To understand the depth of frustration within Desaparecidos’ Payola, make it through the bridge of “Ralphy’s Cut,” a mid-album rocker inspired by a band friend’s double-lung transplant. That song peaks with Conor Oberst’s scream, a 29-second throat-burner that’d make Kurt Cobain—or, hell, Touche Amore tourmate Jeremy Bolm—wince. Oberst might spend the rest of the record emoting in more recognizable melodies, at least for Bright Eyes fans, but the disgust and frustration set forth by “Ralphy’s Cut” echoes throughout Payola’s blink-and-they’re-over tracks.
It’s a surprising effort from the band, both in liveliness and quality. After the success of Oberst’s Bright Eyes, the punk-leaning Desaparecidos seemed inked in the Nebraska indie history books as a one-and-done project after releasing the Read Music / Speak Spanish LP in 2002. But after Bright Eyes waned in the public spotlight, the band regrouped in 2010 for Nebraska’s Concert for Equality, an event that aimed to aide the repeal of anti-immigrant legislation in Fremont, Nebraska. A mini-tour in 2012 followed, and the ball started rolling on new material from the five-piece outfit. The inevitable LP doesn’t play out like an old band finding its footing. In fact, to quote Beavis and/or Butt-Head, the 14 tracks that make up Payola are kick ass. With an election just around the corner, Oberst and Co. seem anxious not only to churn out some great punk tunes, but to also turn that high-gain energy toward the political landscape.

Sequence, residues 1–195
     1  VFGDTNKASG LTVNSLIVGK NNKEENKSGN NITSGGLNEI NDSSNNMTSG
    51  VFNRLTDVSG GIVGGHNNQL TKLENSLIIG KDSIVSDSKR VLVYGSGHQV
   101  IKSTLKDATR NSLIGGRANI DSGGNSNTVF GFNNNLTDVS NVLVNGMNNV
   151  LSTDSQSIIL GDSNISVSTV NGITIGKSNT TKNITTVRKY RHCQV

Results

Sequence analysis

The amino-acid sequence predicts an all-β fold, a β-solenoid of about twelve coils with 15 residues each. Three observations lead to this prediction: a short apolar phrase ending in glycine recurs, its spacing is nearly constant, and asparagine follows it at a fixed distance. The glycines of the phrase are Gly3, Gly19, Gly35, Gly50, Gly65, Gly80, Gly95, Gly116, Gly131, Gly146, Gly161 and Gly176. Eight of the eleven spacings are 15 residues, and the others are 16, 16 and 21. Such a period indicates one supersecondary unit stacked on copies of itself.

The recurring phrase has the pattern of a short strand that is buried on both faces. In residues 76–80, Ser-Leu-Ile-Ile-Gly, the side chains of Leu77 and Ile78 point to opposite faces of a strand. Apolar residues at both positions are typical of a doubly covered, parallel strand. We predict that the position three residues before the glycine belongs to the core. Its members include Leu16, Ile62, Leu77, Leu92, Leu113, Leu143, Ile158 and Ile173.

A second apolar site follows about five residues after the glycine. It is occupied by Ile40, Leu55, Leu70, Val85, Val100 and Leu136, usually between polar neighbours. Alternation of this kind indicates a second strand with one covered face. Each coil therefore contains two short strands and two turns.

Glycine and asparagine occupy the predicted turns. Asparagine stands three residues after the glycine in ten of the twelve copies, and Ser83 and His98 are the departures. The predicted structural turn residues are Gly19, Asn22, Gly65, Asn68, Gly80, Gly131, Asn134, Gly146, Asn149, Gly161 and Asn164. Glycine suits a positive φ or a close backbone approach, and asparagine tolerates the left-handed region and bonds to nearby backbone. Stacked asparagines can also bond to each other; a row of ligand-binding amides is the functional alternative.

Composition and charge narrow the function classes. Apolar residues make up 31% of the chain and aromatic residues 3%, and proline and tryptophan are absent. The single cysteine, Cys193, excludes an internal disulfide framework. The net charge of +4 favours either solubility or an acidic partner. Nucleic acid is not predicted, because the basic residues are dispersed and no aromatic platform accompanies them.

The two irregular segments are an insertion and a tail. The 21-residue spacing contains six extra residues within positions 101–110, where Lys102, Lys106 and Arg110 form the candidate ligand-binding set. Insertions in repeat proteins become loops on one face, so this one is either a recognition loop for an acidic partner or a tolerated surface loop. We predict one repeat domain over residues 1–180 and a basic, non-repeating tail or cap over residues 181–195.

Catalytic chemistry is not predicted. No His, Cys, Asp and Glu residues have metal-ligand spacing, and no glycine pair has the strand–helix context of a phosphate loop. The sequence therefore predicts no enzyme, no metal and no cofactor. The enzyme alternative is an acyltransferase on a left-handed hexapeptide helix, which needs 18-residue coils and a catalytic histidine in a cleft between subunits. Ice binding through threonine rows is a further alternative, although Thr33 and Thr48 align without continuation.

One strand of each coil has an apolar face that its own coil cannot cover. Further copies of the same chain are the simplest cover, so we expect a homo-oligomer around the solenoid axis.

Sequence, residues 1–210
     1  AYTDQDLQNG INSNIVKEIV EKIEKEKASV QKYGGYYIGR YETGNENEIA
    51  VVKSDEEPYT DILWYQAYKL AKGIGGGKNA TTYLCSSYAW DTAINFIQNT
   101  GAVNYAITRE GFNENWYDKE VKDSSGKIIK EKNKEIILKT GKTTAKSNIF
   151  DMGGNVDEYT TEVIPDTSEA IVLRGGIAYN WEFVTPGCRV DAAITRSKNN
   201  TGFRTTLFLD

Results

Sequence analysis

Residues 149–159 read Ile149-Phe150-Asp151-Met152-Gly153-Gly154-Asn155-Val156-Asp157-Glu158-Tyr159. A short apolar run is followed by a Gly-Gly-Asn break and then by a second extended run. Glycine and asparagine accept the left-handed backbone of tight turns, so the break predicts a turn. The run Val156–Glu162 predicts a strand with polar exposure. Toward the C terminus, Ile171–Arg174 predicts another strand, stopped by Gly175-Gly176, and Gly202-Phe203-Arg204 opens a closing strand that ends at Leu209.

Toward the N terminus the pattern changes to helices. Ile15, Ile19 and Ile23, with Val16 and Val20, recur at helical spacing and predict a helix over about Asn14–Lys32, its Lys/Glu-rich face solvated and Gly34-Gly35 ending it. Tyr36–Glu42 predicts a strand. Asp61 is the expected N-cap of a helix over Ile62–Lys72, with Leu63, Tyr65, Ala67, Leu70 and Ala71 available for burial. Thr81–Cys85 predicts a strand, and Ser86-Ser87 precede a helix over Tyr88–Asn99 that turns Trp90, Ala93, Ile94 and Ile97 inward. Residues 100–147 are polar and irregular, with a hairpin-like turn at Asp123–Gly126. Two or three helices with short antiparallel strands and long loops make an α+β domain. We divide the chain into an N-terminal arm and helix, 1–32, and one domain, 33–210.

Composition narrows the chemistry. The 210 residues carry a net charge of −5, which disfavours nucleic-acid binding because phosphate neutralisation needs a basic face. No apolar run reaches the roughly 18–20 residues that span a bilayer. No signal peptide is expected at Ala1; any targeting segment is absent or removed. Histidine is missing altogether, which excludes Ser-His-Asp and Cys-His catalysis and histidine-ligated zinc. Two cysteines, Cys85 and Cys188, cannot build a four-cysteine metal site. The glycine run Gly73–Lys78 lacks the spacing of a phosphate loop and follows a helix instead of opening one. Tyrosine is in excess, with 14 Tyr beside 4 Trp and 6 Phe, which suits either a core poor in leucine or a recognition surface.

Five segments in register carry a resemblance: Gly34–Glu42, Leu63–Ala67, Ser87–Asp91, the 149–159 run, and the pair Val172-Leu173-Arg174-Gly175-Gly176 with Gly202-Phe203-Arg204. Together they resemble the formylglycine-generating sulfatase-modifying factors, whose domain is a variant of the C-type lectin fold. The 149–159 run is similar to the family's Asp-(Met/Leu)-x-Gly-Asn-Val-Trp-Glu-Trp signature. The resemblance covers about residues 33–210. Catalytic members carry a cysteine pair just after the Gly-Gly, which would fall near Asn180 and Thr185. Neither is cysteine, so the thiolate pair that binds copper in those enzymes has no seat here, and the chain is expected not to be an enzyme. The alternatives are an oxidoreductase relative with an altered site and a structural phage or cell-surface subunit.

In “Ralphy’s Cut,” the tension grows in near-helpless musings: “Heavy premium I had to quit my job/Don’t want to sponge off the government but I’m coughing blood.” In “Slacktivist,” Oberst stares down Facebook activists: “Calling all friends I loosely know/We’re a tight knit clique in the virtual/Our purses are fat these kids are gaunt/Every little bit helps a lot.” “Anonymous,” inspired by Chelsea Manning, heralds a new age of activism. With Payola, the second studio release from Omaha-based Desaparecidos in a decade, we’re on a political trip through the U.S. The speed is set for fast as fuck, and its destinations are deemed non-negotiable by Desaparecidos—which includes Oberst, guitarist Denver Dalley, keyboardist Ian McElroy, bassist Landon Hedges and drummer Matt Baum.
That energy is Payola’s best asset. Though its 14 tracks were recorded sporadically across something like three years with co-producer Mike Mogis, you’d be hard-pressed to hear a lack of momentum or consistency. The tracks cover a wide-range topically but with Oberst cutting any and all metaphorical fat, his points rise above the glorious racket of gliding synths and feedback. And like the best pieces of protest art, Payola isn’t just disgusted with the world it inhabits. It’s a challenge, an apathy-hating call to get involved. We see it in the tongue-in-cheek “Slacktivist” (“Come! Come on!/You don’t have to march/You just click your thumb”), but Payola ends in a proper call-to-arms in “Anonymous:” “So we do not forgive and we do not forget/We are legion, expect us, you’ll see.”
Rebellion hasn’t sounded this awesome—or honest—in a long time.